Thursday, January 20, 2011

London 30.12.2010: Dangling Galeros and Comedies of Error

Yesterday a blur of this and that.  But before I forget, I should mention the nice meal we had Monday evening.  We had seen a small Italian restaurant near the Earls Court tube station in our comings and goings there—Bistro Benito.  It looked inviting, and when I went online to read about it, I read reviews full of praise.

So we went and found it very good: home-cooked Italian meals prepared on the spot by a family.  The place is family-owned and –operated, and the people could not have been sweeter, in that Italian way of showing interest in you as a person when you’re their guest, and solicitude for you as you eat food they’ve prepared.

We had a simple meal—shared an artichoke vinaigrette, and then Steve had veal scallopini milanese with pasta, and I had scallopini in marsala sauce.  We shared a dish of spinach and I had a green salad.  With a glass of Italian red wine, it was a perfect meal, and the little glass of marsala our waiter brought as a gift at the end finished it off beautifully.

I liked the place—most of all, for the sweet people who own and run it—and would go back.  It’s also very inviting inside—warm, plain, slightly rustic, immaculate.  The waiters, uncles, cousins, sons, took time to talk to each table, so by the end of the evening, we knew something of everyone’s story, from the Mexican family out of Texas a few tables down to the New York man on business catty-cornered across from us.

Yesterday: we met R.C. at the Donmar at 9, to see if we could get tickets for the “Lear” matinée.   Not a chance: only 10 were to be had, and we were at least 20th in line.

An amusing scene with a woman several folks behind us, who realized we were buying three tickets and wanted to give us a tongue-lashing for greed—as if it were any business of hers how many tickets we sought to buy, and as if both she and we had any chance at all to get a single ticket.

I’d give my eye teeth to see D. Jacobi as Lear.  But it’s not to be, it seems.

R. teaches theater and is a play and film buff, and wanted us to see a play together.  So we then walked to the box office for “Les Mis,” and looked for tickets to their matinée.  The only seats available would have allowed us to see only bits of the play.  We declined them.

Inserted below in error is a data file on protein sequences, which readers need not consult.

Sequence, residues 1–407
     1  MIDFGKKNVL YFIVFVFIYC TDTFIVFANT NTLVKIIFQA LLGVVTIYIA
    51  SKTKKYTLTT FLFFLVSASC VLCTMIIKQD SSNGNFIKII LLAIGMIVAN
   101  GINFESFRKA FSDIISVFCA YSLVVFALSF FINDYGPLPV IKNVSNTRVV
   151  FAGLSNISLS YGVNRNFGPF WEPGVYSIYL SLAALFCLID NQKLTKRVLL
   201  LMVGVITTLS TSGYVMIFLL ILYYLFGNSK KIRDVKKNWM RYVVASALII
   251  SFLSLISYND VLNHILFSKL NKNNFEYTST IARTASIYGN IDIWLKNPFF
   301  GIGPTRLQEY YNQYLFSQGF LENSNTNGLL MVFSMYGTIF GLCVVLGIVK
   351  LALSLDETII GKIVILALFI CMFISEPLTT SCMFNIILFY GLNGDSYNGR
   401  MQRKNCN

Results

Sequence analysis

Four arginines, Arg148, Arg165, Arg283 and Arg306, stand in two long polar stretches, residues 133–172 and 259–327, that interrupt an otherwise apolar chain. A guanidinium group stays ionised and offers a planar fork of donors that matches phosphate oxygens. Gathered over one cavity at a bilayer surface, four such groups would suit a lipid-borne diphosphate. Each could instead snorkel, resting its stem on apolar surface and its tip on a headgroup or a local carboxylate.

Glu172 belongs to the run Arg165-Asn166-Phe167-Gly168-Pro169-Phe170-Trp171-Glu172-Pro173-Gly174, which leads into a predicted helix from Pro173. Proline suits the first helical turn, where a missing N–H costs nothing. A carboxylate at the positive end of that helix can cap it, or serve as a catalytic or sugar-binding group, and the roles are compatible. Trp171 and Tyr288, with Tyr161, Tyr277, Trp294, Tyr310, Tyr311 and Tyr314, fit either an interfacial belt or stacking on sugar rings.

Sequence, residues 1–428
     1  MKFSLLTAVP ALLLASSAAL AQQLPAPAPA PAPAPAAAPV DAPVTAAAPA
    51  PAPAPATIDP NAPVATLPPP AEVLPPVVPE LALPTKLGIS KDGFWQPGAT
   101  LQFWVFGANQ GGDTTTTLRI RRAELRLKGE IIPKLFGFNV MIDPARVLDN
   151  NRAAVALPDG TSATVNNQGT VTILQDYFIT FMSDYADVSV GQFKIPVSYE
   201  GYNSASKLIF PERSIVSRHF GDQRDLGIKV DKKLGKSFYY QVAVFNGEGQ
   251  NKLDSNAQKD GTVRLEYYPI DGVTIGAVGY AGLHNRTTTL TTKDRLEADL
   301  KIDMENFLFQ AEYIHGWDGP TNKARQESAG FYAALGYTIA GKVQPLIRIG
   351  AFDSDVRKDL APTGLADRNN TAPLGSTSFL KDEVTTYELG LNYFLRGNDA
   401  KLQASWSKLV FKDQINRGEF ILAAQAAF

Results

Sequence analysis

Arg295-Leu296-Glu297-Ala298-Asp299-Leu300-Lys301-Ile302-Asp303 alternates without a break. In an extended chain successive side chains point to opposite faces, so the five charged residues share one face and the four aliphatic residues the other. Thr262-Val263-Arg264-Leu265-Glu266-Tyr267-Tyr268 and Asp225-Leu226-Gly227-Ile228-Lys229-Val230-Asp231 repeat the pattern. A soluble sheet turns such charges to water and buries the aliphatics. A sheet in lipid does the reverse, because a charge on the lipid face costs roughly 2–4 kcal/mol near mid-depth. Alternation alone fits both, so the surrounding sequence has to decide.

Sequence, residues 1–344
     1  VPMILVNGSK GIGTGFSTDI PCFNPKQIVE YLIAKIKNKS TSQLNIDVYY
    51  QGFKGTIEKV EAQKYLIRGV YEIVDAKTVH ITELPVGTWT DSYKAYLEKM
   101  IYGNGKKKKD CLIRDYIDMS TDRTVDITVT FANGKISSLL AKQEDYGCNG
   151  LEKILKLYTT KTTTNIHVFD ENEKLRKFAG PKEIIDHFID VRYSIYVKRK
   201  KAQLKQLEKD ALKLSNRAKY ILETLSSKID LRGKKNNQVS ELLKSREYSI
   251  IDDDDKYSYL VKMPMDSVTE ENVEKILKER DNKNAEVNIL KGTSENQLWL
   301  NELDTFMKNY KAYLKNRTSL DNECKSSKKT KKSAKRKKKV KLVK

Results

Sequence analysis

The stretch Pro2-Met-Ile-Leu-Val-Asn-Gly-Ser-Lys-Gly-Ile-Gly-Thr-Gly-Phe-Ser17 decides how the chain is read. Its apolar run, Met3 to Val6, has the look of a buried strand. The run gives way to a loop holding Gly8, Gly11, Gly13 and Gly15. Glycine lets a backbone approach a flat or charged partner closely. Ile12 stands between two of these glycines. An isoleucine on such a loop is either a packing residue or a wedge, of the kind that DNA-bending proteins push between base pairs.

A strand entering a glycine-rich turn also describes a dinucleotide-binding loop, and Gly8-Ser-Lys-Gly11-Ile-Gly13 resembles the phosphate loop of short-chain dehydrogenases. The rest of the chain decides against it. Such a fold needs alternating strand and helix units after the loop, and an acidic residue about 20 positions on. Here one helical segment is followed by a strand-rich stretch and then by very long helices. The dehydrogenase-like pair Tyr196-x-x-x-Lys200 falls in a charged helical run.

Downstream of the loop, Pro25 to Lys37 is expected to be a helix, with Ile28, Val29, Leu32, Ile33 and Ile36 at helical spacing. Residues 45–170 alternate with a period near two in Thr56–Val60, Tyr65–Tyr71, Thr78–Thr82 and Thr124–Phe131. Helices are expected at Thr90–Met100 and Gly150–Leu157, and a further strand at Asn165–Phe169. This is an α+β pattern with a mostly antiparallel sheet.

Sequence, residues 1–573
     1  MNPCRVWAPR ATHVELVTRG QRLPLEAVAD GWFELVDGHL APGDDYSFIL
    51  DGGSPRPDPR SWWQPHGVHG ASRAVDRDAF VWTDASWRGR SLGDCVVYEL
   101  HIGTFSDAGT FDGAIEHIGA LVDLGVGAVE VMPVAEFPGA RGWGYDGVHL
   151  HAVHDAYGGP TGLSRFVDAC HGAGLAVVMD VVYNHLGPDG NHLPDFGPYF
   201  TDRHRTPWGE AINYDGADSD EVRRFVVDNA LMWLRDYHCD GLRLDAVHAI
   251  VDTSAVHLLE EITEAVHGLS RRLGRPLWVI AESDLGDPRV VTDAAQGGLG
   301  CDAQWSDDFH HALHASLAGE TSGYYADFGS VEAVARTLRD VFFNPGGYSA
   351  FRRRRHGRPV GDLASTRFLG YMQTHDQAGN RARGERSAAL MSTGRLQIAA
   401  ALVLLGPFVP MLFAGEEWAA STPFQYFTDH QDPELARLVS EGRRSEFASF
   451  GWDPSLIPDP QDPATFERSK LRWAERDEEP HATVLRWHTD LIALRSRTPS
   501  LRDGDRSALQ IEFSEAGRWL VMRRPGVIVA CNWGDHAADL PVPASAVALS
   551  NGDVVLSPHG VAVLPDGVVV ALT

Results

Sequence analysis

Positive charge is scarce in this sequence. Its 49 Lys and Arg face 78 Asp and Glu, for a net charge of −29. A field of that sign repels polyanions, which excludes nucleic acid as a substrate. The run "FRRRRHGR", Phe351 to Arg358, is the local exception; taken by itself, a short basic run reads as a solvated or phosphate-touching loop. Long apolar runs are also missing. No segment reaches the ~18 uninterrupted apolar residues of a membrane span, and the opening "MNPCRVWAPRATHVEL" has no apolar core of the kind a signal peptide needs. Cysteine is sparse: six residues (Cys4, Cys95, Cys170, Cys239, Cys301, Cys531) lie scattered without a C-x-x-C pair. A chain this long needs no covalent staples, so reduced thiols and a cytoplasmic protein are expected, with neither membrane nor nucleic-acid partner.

When we discovered this, R. suggested Xavier Beauvois’ “Of Gods and Men,” which he’d seen the night  before.  That was fine with us, and we went.

I’m very glad we did so.  I wrote a review today at my Bilgrimage blog.

An interesting area of London—south London, Regents Park tube stop on the Bakerloo line, I think, a sort of suburban area with a small, tasteful shopping mall in which the theater is located.  Nearby is a gay bookshop R. recommended, and we stopped there, and I became aware all over again just how many important gay-themed novels there are that I need to read, from Christopher Isherwood’s A Single Man to Michael Arditti’s Easter and The Celibate to an interesting-looking German novel called Missouri by a young German writer Christina Wunnicke.

Before this, we had gone to a bookstore with a large travel section, Stanford’s off Leicester Square, and I bought Colm Tóibín’s Tribute to Barcelona and Lacuna by Barbara Kingsolver.  At Gay’s the Word I found an interesting-looking novel by South African writer Tatamkhulu Afrika entitled Bitter Eden, about the bonds formed by men serving in the military together.

After “Gods and Men,” we had time to kill (we had arranged a dinner rendezvous with T.W.), and R. suggested a visit to the Catholic cathedral and the Catholic bookstore beside it.

It was too dark to see much of the cathedral, and as Steve said while we walked around it, there’s always that ambiguous, even oppressive and very alienating legacy of the union of crown and altar in any cathedral.  I did enjoy the fascinating array of marbles of various colors and patterns used in building the interior, and the visit was worth it to see a cardinal’s hat dangling ridiculously down out of nowhere, hovering over nothing, in a side chapel.  (Well, it's apparently hanging over the tomb of Archbishop Hinsley, though that's not immediately apparent when one sees it.)

On to the bookstore, which was . . . strange . . . like entering the fane of some occult mystery religion—gewgaws here, shrines there, the occasional book, and a pitifully constrained, tiny assortment of theological books.  We were surprised to see there John Cornwell’s recent book on Newman, which R. very kindly bought as a present for us.

And then on to Soho to meet T., though, as it turned out, we were involved in an absurd farce of missed cues about the rendezvous point, since, while we slogged to Soho, he was on a train to Gay’s the Word, thinking we intended to meet him there.  While we understood the bookstore and address he’d named were in Soho.

Thank God for cell phones, since we could sort out the comic miscues and finally gather at a Thai restaurant in Soho where we had, if not a great meal, at least a nice evening of chitchat and theological musings. 

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